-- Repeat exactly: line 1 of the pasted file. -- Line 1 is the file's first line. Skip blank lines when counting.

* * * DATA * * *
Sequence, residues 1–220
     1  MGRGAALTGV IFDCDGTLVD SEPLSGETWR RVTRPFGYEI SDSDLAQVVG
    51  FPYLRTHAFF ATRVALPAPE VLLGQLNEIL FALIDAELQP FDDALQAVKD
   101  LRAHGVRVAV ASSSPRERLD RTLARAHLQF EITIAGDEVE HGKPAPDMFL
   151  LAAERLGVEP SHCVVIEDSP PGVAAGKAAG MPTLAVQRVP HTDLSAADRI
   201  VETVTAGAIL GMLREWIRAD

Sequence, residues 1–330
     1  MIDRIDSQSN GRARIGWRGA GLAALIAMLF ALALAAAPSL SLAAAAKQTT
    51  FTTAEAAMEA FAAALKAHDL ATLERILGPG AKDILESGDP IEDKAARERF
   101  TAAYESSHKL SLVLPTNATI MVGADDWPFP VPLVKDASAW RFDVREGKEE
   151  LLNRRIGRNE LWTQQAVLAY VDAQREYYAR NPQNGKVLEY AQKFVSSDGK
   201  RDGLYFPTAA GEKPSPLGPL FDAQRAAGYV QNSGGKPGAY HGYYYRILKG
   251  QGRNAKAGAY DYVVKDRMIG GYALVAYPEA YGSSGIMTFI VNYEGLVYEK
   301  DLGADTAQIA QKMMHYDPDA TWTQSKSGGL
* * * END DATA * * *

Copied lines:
Sequence, residues 1–220